I write this letter to express just how shocked and saddened I was to hear about the proposed cut of $100,000 to the Town of St. Michaels’ advertising budget for FY 2022.
It should be obvious that 2020 was an incredibly hard year, both socially and economically. Amid necessary shutdowns and mass isolation, many local businesses struggled to stay afloat. Some never made it. Now, as safety protocols have been refined and the availability of vaccines widened, we can see some light at the end of a dark tunnel, and we should be looking forward to what could be a period of great recovery for our town. Instead, our local businesses now face a new concern—that a voting majority of our commissioners will not support our efforts to rebound to help the town that they were elected to serve. Instead, they ask St. Michaels businesses to shoulder alone the burden of economic recovery.
CBMM staff and our fellow members of the St. Michaels Business Association have all worked hard since the start of the pandemic to make sure we can accommodate guests, and to ensure those guests are, and feel, safe and comfortable when patronizing our establishments. We can’t say strongly enough how disappointing it is to know that those efforts might have been in vain.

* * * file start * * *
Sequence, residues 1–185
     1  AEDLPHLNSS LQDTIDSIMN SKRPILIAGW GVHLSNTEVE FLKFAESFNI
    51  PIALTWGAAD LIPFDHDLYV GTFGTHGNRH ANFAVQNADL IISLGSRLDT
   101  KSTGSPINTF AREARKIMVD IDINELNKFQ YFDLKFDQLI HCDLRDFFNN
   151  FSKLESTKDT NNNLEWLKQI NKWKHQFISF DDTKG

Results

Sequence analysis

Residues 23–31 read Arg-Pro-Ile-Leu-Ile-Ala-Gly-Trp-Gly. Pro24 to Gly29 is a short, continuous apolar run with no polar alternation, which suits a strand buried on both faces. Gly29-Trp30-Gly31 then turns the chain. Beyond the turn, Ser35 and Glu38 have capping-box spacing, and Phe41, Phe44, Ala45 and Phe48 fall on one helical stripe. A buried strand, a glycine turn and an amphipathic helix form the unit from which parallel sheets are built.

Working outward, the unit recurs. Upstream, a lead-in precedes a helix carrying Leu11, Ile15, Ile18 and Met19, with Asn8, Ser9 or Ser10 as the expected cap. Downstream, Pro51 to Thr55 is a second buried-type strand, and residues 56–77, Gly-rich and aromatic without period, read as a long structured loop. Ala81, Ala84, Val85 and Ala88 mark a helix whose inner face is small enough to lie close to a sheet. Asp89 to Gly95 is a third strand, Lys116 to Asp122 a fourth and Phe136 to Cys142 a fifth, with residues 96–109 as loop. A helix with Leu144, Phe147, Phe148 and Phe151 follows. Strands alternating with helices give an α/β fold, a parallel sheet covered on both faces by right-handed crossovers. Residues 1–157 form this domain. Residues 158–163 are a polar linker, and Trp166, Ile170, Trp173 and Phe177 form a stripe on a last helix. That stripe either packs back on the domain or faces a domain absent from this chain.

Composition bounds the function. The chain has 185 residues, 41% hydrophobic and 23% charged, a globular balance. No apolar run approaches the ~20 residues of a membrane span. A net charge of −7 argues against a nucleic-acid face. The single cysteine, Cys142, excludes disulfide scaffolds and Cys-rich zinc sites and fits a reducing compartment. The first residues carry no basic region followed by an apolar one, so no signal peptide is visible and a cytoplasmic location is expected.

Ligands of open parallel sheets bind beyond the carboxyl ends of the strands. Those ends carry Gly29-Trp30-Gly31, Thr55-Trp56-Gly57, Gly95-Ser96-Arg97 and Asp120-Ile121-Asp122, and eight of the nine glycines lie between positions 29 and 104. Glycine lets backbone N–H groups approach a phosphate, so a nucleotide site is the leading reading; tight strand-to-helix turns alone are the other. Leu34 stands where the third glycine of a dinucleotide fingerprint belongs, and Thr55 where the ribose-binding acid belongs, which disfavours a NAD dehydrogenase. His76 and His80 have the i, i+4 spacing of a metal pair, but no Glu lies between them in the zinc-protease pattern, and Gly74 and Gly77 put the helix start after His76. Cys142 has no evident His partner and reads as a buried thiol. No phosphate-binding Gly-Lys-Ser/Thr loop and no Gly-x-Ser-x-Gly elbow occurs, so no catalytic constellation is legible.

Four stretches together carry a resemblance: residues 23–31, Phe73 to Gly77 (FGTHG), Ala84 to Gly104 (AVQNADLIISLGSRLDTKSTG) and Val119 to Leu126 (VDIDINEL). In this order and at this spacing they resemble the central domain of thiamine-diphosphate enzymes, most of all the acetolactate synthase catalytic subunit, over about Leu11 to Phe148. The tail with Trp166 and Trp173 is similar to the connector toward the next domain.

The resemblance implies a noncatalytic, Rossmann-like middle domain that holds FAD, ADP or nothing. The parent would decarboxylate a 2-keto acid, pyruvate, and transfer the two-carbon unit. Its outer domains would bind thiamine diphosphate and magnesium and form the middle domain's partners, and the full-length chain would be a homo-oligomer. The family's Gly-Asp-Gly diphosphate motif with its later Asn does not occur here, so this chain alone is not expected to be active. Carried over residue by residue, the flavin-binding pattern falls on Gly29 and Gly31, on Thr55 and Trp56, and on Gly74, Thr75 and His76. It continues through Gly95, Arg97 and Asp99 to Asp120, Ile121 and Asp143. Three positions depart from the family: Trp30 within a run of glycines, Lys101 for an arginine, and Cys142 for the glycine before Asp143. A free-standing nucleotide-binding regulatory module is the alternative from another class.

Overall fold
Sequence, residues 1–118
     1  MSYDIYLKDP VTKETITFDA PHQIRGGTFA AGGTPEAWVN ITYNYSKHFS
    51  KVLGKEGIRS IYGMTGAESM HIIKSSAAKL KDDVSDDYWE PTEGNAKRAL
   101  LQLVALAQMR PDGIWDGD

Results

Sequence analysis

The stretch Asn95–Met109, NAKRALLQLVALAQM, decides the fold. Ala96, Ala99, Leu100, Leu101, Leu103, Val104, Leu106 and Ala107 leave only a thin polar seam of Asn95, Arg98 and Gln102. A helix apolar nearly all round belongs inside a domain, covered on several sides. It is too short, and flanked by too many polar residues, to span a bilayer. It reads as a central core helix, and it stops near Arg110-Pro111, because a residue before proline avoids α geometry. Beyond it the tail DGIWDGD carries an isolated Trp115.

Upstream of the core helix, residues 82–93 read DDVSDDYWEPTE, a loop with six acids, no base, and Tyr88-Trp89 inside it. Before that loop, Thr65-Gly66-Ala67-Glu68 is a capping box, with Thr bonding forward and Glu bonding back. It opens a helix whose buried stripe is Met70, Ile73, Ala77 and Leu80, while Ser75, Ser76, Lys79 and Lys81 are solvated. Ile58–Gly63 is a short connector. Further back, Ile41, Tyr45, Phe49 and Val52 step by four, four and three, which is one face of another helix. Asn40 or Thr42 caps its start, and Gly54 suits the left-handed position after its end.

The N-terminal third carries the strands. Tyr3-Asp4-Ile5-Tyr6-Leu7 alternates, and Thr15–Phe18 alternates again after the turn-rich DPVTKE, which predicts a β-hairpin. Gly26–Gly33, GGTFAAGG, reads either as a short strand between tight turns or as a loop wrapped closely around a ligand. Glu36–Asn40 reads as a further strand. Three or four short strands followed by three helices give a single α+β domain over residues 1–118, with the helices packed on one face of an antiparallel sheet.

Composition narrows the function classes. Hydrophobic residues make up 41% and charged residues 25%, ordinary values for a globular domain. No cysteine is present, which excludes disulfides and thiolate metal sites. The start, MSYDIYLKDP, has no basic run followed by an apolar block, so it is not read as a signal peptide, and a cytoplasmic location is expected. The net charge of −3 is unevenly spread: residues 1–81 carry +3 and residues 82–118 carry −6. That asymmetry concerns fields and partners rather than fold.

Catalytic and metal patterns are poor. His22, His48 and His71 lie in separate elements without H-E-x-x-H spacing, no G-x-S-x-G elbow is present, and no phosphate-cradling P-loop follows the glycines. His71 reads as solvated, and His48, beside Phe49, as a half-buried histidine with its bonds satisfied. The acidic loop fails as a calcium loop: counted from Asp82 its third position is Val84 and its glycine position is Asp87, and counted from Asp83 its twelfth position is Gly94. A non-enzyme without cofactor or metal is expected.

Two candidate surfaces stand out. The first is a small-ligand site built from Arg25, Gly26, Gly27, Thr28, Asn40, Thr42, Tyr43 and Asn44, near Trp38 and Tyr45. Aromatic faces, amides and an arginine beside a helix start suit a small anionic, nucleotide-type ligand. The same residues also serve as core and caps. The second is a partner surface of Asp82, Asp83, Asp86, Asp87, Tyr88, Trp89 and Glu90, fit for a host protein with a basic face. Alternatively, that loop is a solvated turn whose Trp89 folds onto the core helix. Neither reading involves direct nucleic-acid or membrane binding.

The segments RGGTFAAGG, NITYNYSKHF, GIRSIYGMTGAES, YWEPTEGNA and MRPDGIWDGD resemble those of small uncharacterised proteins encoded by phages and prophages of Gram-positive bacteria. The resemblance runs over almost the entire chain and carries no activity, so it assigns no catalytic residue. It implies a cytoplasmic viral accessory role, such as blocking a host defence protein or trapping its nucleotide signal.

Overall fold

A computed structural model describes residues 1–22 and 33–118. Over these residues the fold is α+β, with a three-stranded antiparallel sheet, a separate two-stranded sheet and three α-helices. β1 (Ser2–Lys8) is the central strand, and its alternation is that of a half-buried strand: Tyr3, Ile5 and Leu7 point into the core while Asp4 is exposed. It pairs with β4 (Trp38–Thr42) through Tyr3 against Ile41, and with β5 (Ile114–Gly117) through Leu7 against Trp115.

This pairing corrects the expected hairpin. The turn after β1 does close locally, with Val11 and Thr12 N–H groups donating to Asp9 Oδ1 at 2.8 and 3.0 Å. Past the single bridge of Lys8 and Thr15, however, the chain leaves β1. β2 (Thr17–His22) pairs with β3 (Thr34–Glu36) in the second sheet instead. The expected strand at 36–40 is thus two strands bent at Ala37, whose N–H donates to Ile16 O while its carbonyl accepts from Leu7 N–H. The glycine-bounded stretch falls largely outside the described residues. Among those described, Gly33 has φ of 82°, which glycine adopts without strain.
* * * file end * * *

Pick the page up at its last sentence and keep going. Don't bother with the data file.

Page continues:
Tourism is a vital part of St. Michaels’ economy—the commissioners even recognize that we are a town based on tourism. Look at the support provided by the collection of the accommodations tax alone and how much of a strain would be put on the town’s budget were that tax to come in severely lower than in past years. Why would we want to set ourselves up for that kind of struggle?
At the recent commissioners meeting, the sentiment was expressed that St. Michaels doesn’t really need advertising, because “everyone knows us already.” We are very familiar with that type of fallacy because what it means is that our efforts are working. But to be clear, the concept of “everyone knows us already” brand recognition is, more accurately, the result of multi-layered marketing efforts and investments on the part of the Town of St. Michaels, each of our local businesses, Talbot County, and Maryland Tourism, among others. People know us because they’ve seen our ad campaigns, because we’ve encouraged word of mouth recommendations, and because we have such a wonderful product to offer in a visit to St. Michaels. But attention spans are short and taking our foot off the gas now will inevitably allow people to forget about us and encourage them to plan their vacations and weekend trips to some other small town. And while larger organizations like the Chesapeake Bay Maritime Museum can and will continue to do our best to advertise our wonderful town, our smaller businesses will endure the worst of these cuts.
While we certainly appreciate the Town’s need to be fiscally responsible, this severe reduction in advertising spending will only place the challenge of bringing tourism dollars into St. Michaels squarely on the shoulders of businesses who have already been struggling to stay afloat. We only hope they will be able to continue to do so, should this foolish and shortsighted budget pass.
Kristen L. Greenaway
President & CEO
Chesapeake Bay Maritime Museum